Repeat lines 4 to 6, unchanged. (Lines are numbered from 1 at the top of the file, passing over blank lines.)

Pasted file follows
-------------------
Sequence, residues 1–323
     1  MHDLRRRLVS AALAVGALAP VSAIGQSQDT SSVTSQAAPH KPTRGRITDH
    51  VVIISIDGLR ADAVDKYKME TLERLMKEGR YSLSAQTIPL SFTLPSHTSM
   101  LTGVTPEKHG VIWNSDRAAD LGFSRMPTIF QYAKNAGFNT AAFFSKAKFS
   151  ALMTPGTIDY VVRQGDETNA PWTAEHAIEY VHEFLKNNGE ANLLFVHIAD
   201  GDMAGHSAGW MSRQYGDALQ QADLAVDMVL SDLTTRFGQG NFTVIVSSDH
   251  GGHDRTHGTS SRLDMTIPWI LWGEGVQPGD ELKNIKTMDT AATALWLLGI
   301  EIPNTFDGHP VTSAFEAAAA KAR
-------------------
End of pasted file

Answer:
   101  LTGVTPEKHG VIWNSDRAAD LGFSRMPTIF QYAKNAGFNT AAFFSKAKFS
   151  ALMTPGTIDY VVRQGDETNA PWTAEHAIEY VHEFLKNNGE ANLLFVHIAD
   201  GDMAGHSAGW MSRQYGDALQ QADLAVDMVL SDLTTRFGQG NFTVIVSSDH